If you, or someone you know, is in immediate danger, call 999 and ask for the police.
Warning: if you're worried about someone knowing you have visited this website read how to cover your tracks online
We know that if you are currently experiencing or have experienced domestic abuse you will know what being isolated and frightened will feel like. You might be worried about self-isolating with someone who is harming you. Social distancing and isolation measures (such as working from home) that are necessary to control the spread of the virus may reinforce the power that an abuser has over you and your family.
Safe Lives have created a guide to Staying safe during the COVID-19 pandemic to help you think about what you might do over the coming weeks to stay safe.
What is domestic abuse?
The Domestic Abuse Act 2021 defines domestic abuse as abusive behaviour by a person towards another person who is aged 16 and over where they are personally connected.
Abusive behaviour can be a single incident or course of behaviour and is defined as:
- physical or sexual abuse;
- violent or threatening behaviour;
- controlling or coercive behaviour;
- economic abuse
- psychological, emotional or other abuse;
Personally connected is defined as such:
- they are, or have been, married to each other;
- they are, or have been, civil partners of each other;
- they have agreed to marry one another (whether or not the agreement has been terminated);
- they have entered into a civil partnership agreement (whether or not the agreement has been terminated);
- they are, or have been, in an intimate personal relationship with each other;
- they each have, or there has been a time when they each have had, a parental relationship in relation to the same child (see subsection (2));
- they are relatives.
Children are a victim of domestic abuse where they see, hear or otherwise experience the effects of the abuse and they are related to the victim or perpetrator.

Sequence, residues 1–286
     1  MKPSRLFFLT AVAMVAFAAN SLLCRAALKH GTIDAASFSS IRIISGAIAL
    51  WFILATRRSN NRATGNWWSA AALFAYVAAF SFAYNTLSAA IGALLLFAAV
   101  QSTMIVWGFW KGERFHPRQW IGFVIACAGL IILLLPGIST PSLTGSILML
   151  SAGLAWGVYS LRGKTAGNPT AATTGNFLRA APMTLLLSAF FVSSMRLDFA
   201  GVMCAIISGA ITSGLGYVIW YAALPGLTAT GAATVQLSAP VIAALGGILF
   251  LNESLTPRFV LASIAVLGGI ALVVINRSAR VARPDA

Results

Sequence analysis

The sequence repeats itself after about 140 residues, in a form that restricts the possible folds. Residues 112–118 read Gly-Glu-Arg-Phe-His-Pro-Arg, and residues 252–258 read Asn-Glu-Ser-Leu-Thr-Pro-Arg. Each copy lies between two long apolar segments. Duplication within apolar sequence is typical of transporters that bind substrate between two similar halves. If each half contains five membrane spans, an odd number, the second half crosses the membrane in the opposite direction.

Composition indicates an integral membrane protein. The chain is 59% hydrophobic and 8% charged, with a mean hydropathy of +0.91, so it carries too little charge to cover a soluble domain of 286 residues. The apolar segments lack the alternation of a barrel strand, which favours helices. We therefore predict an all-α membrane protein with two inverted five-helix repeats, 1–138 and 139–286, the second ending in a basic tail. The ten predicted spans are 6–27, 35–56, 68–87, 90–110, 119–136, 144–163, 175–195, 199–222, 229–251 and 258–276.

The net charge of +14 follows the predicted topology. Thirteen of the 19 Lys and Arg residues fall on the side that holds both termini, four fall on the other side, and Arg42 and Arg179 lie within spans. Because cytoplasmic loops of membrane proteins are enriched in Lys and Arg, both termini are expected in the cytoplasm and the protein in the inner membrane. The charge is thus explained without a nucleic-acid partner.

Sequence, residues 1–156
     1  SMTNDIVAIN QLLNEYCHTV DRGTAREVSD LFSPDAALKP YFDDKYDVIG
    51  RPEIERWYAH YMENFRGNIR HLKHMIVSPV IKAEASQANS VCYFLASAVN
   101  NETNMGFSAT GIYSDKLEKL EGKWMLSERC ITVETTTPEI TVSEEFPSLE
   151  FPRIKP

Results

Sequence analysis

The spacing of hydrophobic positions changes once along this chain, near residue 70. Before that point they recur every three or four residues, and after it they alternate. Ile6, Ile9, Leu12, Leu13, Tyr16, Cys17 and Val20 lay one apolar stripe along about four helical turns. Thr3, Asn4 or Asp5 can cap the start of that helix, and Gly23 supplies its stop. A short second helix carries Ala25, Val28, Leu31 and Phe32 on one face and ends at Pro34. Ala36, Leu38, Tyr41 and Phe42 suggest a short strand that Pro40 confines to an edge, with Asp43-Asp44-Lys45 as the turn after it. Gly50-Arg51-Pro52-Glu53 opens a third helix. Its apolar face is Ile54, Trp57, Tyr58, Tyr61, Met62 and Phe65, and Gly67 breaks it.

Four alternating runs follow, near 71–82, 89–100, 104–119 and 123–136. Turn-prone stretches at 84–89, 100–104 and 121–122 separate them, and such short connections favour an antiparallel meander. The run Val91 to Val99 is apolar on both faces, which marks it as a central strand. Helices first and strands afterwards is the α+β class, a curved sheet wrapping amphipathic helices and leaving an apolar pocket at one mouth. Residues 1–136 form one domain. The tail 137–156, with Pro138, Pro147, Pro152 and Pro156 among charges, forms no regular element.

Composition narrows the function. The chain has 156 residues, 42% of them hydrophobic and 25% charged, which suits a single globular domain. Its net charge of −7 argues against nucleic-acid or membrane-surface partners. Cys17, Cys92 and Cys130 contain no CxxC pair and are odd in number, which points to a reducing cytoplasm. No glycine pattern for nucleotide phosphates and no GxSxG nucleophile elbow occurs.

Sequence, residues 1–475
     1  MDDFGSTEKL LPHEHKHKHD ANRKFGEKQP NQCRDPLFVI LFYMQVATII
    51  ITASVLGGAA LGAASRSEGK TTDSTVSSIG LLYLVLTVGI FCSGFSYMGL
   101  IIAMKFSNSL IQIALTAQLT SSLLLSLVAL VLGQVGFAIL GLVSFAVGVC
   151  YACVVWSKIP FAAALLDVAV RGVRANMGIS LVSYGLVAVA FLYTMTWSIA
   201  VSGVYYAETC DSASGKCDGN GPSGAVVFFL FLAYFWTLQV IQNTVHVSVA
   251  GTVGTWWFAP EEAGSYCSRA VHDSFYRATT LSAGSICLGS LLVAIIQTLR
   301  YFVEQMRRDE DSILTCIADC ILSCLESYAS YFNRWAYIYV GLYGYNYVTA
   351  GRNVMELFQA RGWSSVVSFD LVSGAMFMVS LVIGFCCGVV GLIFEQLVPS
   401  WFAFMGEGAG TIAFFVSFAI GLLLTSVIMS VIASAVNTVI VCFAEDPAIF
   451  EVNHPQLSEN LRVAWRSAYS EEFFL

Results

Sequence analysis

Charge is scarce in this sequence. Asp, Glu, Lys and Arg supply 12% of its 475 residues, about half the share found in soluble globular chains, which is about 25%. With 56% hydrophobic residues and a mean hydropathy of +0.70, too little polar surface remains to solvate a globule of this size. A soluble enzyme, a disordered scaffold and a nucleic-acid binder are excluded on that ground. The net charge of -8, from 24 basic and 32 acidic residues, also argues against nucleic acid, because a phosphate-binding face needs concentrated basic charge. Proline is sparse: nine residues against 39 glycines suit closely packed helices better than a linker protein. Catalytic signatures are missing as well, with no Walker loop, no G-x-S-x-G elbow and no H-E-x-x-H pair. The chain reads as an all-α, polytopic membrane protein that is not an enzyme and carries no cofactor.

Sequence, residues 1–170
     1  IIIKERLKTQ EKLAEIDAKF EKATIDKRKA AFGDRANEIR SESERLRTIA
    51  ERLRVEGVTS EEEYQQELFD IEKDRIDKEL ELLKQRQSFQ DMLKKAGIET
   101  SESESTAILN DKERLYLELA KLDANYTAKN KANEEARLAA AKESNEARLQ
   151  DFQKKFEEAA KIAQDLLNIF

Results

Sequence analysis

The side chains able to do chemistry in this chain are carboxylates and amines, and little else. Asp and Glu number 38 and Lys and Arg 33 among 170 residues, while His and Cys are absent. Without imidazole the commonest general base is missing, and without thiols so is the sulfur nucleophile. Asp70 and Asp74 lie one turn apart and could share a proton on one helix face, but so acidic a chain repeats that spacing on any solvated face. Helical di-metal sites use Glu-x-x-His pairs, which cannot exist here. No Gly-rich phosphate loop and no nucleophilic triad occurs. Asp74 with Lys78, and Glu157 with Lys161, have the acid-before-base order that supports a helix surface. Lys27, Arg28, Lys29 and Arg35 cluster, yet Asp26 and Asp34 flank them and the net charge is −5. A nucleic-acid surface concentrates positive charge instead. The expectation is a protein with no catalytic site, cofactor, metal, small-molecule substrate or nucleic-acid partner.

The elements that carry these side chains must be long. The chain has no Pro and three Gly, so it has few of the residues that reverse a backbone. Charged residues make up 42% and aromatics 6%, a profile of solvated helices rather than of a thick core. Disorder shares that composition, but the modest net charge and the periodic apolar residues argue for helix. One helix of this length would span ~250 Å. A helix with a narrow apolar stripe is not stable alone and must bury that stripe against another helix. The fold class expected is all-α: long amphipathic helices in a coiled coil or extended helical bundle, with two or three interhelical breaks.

Silent Solutions is a system set up for victims of domestic abuse who might be afraid of further danger if they are overheard calling 999.
If you are unable to audibly signal to the emergency operator, press 55 and the operator will transfer the call to the relevant police force as an emergency.
Support in Camden
Everyone has the right to personal safety - so if you are worried it is never too late to seek help.
In an emergency please call 999, or for non-emergency matters requiring police assistance call 101.
Camden Safety Net is providing additional support such as more frequent contact with those at risk and developing dynamic safety plans. We know that victim/survivors and families of domestic abuse might feel more unsafe during this time, especially if they are self-isolating and staying at home with an abuser. This could include guidance such as enlisting help and support from trusted friends and/or neighbours, asking them to check in regularly if safe to do so and setting up code words or phrases with them, which would indicate police, should be contacted.
Following Public Health England and NHS guidelines changes have been made to how the service is currently delivered:
- We have suspended our training offer
- All our advocacy and safety planning will be done by telephone, email and/or text
- All counselling services will continue remotely
- IDSVAs will no longer be co-located throughout the community services
- Our duty service will continue to operate providing immediate advice and support via telephone or email
Powers under the Domestic Abuse Act 2021
The Domestic Abuse Act 2021 is a landmark piece of legislation, first introduced July 2019 and received Royal Assent on 29 April 2021.
The Act provides powers to protect domestic abuse victims.
Some of the powers are:
- A duty on local authorities in England to provide support to victims of domestic abuse and their children in refuges and other safe accommodation
- Ensure that anyone made homeless as a result of domestic abuse is automatic in priority need for housing
- A local housing authority must grant a secure tenancy to any person who was a qualifying tenant at a previous address who was a victim of domestic abuse and is being re-housed because of that abuse
- A senior police officer may give a domestic abuse protection notice against a perpetrator where there is reasonable grounds to believe they have been abusive towards the victim and the notice is necessary to protect the victim. It may only be given to adults over 18. The notice may prohibit the perpetrator from contacting or going to the home of the victim and gives police powers of arrest if breached.
- The court may grant a domestic abuse protection order against a perpetrator. An application must be made within 48 hours following a notice being given by the police but third parties may also apply.
- A new standalone offence of non-fatal strangulation
- The coercive control offence is extended to include post-separation abuse
- Threats to share intimate images will be a criminal offence
Other useful telephones are:
National Domestic Violence Helpline – 0808 2000 247
North London Rape Crisis – 0808 082 9999
The Haven – 0203 312 1101